Nope. Bivalence can be accepted as a formal rule and therefore
  not as a claim that some set of objects either exist or don't.

 That's my point.

Such a formal claim cannot support the conclusion that
I am an immaterial dreaming machine.


  Do you believe that Church thesis makes sense? That is enough to say
  that you believe in the 'arithmetical platonia'

  Not at all.

 OK. This means that you are using arithmetical platonia in a sense  
 which is not relevant for the reasoning.
 If you accept CT, there should be no problem with the reasoning at all.

I accept CT and reject Platonism, and thus the reasoning does not go
through.

  . People needs to be
  ultrafinitist to reject the arithmetical platonia.

  No, they just need to be anti realist.

 Same remark.

Nope. Finitists think 7 exists., anti realists think it doesn't.

  Personnaly I am a bit skeptical on set realism, because it is hard to
  define it, but for the numbers I have never met people who are not
  realist about them.

  Oh come on. How can you say that after I just told
  you 7 doesn't exist.

 You contradict your self,

No I don't. How many times have I explained that
mathematical existence claims are true in a fictive
sense that doesn't imply real existence

unless you mean that seven is not made of  
 matter. In which case comp nothing exists.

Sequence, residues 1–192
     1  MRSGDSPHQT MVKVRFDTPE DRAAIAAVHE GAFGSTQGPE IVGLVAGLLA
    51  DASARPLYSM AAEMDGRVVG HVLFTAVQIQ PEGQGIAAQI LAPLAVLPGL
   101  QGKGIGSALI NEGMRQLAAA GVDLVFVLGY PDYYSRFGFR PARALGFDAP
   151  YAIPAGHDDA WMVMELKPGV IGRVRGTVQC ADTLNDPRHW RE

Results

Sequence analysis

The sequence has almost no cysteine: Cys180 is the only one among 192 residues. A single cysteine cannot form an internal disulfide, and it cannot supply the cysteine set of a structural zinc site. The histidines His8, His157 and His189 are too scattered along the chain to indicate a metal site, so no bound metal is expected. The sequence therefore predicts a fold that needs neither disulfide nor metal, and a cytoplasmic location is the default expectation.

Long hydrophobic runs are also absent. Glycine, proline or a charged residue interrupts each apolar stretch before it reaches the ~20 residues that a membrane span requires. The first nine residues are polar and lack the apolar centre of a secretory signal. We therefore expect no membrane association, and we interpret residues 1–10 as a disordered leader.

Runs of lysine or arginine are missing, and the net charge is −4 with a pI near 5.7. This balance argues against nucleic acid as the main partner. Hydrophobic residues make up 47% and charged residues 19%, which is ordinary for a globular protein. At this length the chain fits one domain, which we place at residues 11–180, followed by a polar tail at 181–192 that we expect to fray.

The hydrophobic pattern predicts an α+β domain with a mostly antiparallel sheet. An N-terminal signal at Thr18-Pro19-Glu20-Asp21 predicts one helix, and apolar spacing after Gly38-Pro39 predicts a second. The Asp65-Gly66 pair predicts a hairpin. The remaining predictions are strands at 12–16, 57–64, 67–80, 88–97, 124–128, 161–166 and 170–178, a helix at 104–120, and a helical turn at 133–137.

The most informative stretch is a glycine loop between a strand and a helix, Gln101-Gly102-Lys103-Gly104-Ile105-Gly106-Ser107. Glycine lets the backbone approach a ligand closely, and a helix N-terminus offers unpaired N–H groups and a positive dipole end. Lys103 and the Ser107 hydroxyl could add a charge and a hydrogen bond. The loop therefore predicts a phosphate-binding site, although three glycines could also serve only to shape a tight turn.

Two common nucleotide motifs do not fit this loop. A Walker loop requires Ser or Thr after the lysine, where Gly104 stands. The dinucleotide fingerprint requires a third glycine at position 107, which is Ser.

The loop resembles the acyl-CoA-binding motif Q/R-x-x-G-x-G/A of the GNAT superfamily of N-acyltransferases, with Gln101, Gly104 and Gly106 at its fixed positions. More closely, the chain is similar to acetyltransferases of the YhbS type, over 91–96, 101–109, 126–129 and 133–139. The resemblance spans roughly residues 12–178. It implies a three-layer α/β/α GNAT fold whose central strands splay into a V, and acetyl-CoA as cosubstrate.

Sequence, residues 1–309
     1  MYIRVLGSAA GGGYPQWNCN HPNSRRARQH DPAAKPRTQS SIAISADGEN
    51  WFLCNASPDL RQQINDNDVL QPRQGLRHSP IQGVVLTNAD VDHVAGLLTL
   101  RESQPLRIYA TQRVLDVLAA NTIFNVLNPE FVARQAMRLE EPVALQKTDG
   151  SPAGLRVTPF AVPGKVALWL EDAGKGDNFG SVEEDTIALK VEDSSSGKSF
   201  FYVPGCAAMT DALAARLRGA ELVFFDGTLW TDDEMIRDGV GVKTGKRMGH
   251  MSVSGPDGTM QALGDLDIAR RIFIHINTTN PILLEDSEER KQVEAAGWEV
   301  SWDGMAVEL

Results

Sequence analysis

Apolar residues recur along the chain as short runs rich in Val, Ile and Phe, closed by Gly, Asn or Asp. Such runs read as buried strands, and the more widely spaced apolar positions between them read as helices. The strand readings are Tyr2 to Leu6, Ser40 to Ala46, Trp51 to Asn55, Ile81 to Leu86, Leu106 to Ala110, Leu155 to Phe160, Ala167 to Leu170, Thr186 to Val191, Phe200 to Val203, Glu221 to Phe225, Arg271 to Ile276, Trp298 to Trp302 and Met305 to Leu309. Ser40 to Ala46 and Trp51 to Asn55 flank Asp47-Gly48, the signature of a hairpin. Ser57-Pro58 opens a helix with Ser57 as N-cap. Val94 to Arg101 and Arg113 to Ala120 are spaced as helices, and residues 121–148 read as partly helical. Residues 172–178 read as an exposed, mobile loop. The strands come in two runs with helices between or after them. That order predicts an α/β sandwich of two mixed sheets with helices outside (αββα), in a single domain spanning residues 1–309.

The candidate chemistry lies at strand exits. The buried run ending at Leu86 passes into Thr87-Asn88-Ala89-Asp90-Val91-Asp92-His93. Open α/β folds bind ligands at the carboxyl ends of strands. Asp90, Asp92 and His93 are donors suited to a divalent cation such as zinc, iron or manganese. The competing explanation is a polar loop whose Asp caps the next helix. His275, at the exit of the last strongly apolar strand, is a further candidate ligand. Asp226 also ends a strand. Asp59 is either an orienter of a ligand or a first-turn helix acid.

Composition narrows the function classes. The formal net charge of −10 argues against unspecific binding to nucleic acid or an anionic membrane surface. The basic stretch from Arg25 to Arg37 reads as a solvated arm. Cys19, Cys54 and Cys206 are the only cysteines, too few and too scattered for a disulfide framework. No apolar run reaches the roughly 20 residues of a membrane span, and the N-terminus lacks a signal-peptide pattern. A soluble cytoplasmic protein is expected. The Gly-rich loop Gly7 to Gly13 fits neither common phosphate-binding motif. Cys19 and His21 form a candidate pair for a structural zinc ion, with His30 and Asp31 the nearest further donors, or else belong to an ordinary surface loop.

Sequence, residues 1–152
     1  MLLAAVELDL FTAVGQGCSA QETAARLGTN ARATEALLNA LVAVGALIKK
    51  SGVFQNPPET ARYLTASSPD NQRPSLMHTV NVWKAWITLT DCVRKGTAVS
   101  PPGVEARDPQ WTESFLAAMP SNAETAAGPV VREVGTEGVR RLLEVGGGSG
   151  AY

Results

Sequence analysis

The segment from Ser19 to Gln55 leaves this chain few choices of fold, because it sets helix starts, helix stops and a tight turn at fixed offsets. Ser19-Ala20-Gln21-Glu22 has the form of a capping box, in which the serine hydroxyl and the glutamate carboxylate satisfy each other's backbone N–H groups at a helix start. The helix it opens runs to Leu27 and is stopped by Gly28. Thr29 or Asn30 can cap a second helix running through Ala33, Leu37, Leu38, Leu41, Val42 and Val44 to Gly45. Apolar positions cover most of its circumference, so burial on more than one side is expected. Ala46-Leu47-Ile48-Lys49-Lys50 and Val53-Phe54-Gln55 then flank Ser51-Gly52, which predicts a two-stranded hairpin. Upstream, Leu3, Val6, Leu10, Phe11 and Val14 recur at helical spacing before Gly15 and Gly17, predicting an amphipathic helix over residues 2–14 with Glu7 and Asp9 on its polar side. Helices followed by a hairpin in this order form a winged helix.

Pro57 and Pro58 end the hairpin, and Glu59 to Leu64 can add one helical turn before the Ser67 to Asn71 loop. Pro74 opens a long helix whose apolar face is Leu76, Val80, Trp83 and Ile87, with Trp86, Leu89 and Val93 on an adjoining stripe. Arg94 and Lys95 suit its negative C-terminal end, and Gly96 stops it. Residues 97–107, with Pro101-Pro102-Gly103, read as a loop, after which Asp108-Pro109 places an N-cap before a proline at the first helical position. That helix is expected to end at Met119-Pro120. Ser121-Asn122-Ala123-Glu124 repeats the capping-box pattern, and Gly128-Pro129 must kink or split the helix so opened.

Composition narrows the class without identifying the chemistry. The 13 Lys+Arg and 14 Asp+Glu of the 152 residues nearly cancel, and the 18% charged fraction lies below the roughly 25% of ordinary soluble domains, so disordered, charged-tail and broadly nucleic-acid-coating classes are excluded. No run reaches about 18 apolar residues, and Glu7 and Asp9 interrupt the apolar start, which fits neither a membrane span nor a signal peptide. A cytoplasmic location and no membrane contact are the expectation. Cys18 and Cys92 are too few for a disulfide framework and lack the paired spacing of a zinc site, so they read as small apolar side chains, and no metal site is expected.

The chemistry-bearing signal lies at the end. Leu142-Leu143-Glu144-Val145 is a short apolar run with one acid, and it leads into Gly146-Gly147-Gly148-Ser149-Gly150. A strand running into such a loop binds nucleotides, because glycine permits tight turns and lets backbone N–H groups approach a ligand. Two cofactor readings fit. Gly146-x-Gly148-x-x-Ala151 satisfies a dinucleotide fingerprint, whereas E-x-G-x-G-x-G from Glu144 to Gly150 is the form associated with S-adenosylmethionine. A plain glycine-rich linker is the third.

What does comp nothing exists mean?

  Even to say I am not arithmetical realist is
  enough to be an arithmetical realist

  Nonsense.

 Probable, given your rather inappropriate sense of metaphysical  
 realism in mathematics.

I am  not a realist about maths. You must be because you exist
and you think you are a  number

  . A real anti-ariothmetical
  realist cannot even spaeak about arithmetical realism. You need to be
  an arithmetical realist to make sense of denying it.

  Like the old canard that to deny God is to accept God? Naah. Meaning
  is not
  just reference.

 A reasoning is valid, or not valid.

A true conclusion requires soundness as well as validity

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Re: Maudlin How many times does COMP have to be false before its false?

2011-02-14 Thread 1Z


On Feb 14, 2:56 pm, Bruno Marchal marc...@ulb.ac.be wrote:
 On 14 Feb 2011, at 12:13, 1Z wrote:



  Thing that aren't real can't have  real properties, but
  hypothetical things have hypothetical properties

 You talk like if you knew what is real.

I only have to know what real means.

Do you agree that the